Exploring the factors affecting HIV prevention interventions for men who have sex with men (MSM) in Cameroon : a case study of Alternatives-Cameroun, an NGO based in the city of Douala.
Kalamar, Matthew John.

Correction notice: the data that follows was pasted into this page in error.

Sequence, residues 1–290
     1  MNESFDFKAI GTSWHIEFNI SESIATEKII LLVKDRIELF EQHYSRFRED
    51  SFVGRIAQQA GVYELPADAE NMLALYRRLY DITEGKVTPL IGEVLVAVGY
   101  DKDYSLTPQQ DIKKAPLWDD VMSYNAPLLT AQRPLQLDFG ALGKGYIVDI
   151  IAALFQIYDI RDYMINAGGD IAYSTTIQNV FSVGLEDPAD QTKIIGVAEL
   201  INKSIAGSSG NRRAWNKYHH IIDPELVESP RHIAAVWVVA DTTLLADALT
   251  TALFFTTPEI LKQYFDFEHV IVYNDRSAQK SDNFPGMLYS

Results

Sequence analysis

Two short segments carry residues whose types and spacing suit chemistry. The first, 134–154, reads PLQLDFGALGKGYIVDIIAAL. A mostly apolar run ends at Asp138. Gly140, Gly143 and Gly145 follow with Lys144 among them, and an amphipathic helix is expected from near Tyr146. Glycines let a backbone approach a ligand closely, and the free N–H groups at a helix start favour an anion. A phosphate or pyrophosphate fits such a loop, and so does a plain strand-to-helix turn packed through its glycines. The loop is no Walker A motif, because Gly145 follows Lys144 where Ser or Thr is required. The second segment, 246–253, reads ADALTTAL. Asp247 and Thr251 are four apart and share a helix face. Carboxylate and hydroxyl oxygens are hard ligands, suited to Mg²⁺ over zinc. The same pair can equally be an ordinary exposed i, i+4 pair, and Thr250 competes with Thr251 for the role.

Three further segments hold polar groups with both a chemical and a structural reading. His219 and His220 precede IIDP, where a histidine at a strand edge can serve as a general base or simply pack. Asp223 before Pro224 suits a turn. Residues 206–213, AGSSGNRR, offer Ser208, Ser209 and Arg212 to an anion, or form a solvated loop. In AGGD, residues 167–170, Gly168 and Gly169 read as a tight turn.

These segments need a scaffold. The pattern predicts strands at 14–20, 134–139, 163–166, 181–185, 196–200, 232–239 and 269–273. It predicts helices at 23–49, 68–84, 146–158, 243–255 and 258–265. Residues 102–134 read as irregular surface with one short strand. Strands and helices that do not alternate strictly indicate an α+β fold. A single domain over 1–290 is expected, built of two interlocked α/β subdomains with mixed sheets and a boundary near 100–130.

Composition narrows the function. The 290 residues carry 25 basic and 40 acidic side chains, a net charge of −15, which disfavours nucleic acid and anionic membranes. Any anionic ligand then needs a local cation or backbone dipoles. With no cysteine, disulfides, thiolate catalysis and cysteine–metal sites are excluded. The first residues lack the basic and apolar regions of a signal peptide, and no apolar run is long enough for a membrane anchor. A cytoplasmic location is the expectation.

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In the global HIV/AIDS pandemic, men who have sex with men (MSM) have experienced high levels of infection. Consequently, this population is considered a crucial target for prevention, care, and treatment efforts. In sub-Saharan Africa, however, most HIV transmission occurs via heterosexual intercourse, and 60% of HIV cases are women. African HIV epidemics are thus classified as “heterosexual” phenomena, and MSM are rarely targeted by public health programming. Epidemiological studies now show that African MSM often have greater HIV prevalence than the general population. Behavioral research further indicates elevated sexual risk and low prevention-related knowledge levels among these men. Moreover, denial, stigmatization, and criminalization of male homosexual conduct across Africa have created social climates in which MSM remain “hidden,” fearing rejection or arrest. This has heightened their vulnerability to HIV infection. To counteract this trend, public health advocates call for prevention interventions adapted to the needs of African MSM. In a few countries, local NGOs have begun mobilizing around the “MSM issue.” However, little information exists about HIV prevention among MSM in sub-Saharan Africa and the associations undertaking it. Using a case study of one such association – Alternatives-Cameroun – this project aimed to explore the factors affecting design and implementation of HIV prevention interventions for MSM in Cameroon. Homosexual conduct is illegal in Cameroon, and MSM are frequently harassed and arrested. Nonetheless, Alternatives-Cameroun has launched prevention programming that reaches “hidden” MSM and addresses their unique characteristics. Through qualitative research involving stakeholder interviews and personal observation, this project found that local, national, and international factors all influence choices of intervention content and delivery formats. Interventions are designed by Cameroonian MSM, for Cameroonian MSM, but are also informed by empirical research and outreach principles drawn from other contexts. Implementation is a challenge in Cameroon’s hostile and resource-poor environment: stakeholders bear physical, emotional, and financial burdens during outreach. However, internal dynamics and foreign support help Alternatives-Cameroun mitigate these obstacles. This project reveals that understanding local realities and reinforcing multi-sectoral mobilization around MSM issues are important first steps towards launching HIV prevention interventions for MSM in sub-Saharan Africa.